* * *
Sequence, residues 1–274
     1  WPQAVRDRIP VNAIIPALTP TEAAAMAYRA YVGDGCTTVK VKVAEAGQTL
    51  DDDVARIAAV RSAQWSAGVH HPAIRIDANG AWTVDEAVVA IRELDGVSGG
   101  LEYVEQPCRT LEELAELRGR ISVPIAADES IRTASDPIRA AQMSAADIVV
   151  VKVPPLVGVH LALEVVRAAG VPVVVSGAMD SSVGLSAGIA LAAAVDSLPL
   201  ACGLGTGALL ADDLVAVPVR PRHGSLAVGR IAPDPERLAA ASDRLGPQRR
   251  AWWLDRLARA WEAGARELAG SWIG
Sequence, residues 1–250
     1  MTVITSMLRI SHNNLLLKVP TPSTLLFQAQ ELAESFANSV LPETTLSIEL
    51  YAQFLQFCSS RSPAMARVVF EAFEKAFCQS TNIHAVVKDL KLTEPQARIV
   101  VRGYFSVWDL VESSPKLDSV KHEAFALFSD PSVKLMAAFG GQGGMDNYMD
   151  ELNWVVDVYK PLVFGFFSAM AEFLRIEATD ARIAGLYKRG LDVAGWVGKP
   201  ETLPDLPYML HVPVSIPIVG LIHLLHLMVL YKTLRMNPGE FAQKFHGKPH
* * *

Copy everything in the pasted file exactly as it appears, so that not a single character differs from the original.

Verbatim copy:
Sequence, residues 1–274
     1  WPQAVRDRIP VNAIIPALTP TEAAAMAYRA YVGDGCTTVK VKVAEAGQTL
    51  DDDVARIAAV RSAQWSAGVH HPAIRIDANG AWTVDEAVVA IRELDGVSGG
   101  LEYVEQPCRT LEELAELRGR ISVPIAADES IRTASDPIRA AQMSAADIVV
   151  VKVPPLVGVH LALEVVRAAG VPVVVSGAMD SSVGLSAGIA LAAAVDSLPL
   201  ACGLGTGALL ADDLVAVPVR PRHGSLAVGR IAPDPERLAA ASDRLGPQRR
   251  AWWLDRLARA WEAGARELAG SWIG
Sequence, residues 1–250
     1  MTVITSMLRI SHNNLLLKVP TPSTLLFQAQ ELAESFANSV LPETTLSIEL
    51  YAQFLQFCSS RSPAMARVVF EAFEKAFCQS TNIHAVVKDL KLTEPQARIV
   101  VRGYFSVWDL VESSPKLDSV KHEAFALFSD PSVKLMAAFG GQGGMDNYMD
   151  ELNWVVDVYK PLVFGFFSAM AEFLRIEATD ARIAGLYKRG LDVAGWVGKP
   201  ETLPDLPYML HVPVSIPIVG LIHLLHLMVL YKTLRMNPGE FAQKFHGKPH